Knowledge is both personal and something that’s dynamic, not owned by anyone. Getting back to the silo metaphor, knowledge mobilization smashes the silos rather than reinforces them. And we can all be knowledge workers (sounds kind of sexy) – researchers, knowledge brokers, and knowledge users. Once free of the silos, knowledge grows organically and in ways that have much more impact.
To connect and take meaningful action with our knowledge, we just need to start with our KMb literacy. Knowledge mobilization literacy relies first and foremost on language skills for that initial spark or connection to happen. And there are some exciting ways this is already taking shape.
Take Michigan State University for example. MSU’s communications toolkit has resources, workshops, and other training programs that help professors to communicate and create a “more engaged, informed public”. Here’s their message to MSU profs:
"As a scientist, scholar, or researcher, you help solve the world's most pressing problems. Yours is the trusted voice of reason. But to truly impact others, your voice needs to be more broadly heard beyond your peers and journals."
In a recent article in the Chronicle of Higher Education, MSU experimental nuclear physicist Artemis Spyrou said, “It’s important for scientists to talk about their research and their discoveries because if they don’t someone else will”. Check out the ‘research blog’ at her website – a great example of KMb. Dr. Spyrou walks the walk, and Henry Jenkins would likely call her a public intellectual or digital humanist who is using ‘citizenly discourse’ to demystify and distill her work.
This and more interactive knowledge mobilization has begun in various environments. If you want a research grant from the SSHRC, Canada, they require a KMb plan – because if you recall their definition of knowledge mobilization, knowledge flows back and forth. It goes both ways.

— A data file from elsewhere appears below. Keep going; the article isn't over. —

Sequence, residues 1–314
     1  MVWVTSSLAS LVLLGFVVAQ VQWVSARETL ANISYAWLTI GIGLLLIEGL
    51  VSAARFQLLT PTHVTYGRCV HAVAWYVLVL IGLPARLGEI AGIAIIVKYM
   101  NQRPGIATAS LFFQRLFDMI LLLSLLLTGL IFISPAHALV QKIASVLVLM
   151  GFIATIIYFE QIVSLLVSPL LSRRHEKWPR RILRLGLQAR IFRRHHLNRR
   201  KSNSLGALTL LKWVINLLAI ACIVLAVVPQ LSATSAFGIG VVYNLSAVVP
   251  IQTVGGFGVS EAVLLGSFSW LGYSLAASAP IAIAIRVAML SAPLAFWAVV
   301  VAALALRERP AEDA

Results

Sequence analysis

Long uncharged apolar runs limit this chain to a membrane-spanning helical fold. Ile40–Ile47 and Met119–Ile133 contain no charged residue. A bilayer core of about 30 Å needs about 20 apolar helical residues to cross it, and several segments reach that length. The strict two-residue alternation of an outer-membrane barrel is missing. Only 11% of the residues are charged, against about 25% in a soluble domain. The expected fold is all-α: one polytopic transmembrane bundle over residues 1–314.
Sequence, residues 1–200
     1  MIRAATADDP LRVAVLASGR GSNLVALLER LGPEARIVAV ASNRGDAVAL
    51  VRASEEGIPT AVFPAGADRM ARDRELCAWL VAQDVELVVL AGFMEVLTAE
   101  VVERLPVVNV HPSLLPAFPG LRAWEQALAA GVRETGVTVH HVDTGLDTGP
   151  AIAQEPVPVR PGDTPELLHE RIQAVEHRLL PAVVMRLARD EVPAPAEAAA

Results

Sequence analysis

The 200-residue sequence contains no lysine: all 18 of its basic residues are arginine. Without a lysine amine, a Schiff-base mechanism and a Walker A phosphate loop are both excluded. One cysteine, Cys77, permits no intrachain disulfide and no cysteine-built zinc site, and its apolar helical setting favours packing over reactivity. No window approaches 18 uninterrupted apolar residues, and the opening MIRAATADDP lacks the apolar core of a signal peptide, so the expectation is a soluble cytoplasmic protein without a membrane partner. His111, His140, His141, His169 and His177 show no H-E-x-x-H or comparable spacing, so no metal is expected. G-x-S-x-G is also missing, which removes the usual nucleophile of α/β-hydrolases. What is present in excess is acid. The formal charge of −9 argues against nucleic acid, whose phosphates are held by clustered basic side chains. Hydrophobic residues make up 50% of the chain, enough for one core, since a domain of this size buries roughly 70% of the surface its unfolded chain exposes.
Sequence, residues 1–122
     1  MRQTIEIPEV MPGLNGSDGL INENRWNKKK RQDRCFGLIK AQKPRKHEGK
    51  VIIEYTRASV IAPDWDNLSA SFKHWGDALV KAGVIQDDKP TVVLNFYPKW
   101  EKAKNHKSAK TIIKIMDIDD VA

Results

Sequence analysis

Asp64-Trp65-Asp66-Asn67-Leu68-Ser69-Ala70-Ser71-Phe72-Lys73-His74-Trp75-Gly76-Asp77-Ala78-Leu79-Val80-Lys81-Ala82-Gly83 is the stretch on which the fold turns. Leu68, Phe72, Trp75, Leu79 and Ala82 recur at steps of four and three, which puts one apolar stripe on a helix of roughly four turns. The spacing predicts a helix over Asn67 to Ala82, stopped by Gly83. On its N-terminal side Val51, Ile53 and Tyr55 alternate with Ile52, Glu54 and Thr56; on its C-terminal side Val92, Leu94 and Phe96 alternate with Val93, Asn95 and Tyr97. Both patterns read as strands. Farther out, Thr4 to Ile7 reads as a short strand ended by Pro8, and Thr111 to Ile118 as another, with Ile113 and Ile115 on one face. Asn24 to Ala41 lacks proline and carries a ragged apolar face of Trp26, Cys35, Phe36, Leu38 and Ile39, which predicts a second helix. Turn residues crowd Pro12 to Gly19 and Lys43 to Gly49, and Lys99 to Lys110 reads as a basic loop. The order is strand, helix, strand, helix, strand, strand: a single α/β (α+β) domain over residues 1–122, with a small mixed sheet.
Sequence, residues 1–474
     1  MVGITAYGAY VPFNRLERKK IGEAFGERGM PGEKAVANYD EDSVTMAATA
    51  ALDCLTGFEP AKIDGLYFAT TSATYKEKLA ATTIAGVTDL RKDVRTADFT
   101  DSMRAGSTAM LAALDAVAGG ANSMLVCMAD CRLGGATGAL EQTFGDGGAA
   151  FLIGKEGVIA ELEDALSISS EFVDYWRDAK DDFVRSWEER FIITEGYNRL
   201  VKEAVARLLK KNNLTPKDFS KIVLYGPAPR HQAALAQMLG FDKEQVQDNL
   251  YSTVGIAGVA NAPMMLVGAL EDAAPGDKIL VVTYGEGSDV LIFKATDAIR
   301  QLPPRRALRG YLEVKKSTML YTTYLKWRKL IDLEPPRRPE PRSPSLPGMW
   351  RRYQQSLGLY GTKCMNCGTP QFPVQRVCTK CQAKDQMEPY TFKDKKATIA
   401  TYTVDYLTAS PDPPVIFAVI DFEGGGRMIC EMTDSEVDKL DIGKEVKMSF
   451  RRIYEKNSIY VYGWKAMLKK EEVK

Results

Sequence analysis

Another aspect of KMb literacy beyond ‘citizenly language’ then, has to include multi-media and other ways to make this back and forth flow happen. This is the more dynamic, interactive side of knowledge mobilization, and if you’re still reading, you are likely looking for more concrete examples.
There may be other, better known KMb mobilizers out there but I wanted to trumpet some that may not be so well known… so far. I’d also love to learn about KMb in your world. It’s never been as important to mobilize quality knowledge as it is today, and our freely available 21st century tools make it easy for us to do so in more than one direction.
Thomas Edison is reported to have said that invention without execution is simply hallucination. I say knowledge without mobilization suffers the same fate. Is your knowledge dynamic? Are you part of KMb networks? Mobilize here and share what you’re doing. Mobilization starts with us.
Amy Cuddy's 2012 TED Talk keeps coming back to me.
Watch it, and if you don't quite understand the fuss, you may not have paid close enough attention to what she says around the mid-way point (around 9 minutes in).
We all know that our body language communicates a great deal to others, but Cuddy's research suggests that, maybe more importantly, it also affects us. That's right, our body language can change our selves - psychologically and believe it or not, physically - in this case in the production of two key hormones, testosterone and cortisol. Testosterone communicates dominance, while cortisol sends stress messages. To ourselves.
And now, the age old question I encourage my students to ask, So what?
This kind of science - integrating psychology with biology - can tell us so much more about what we instinctively felt, but had no 'hard science' to back it up. The answers to So what? are endless, and only beginning to emerge.
Here are some thoughts:
Oh, and welcome to my first blog post! Let me know what you think.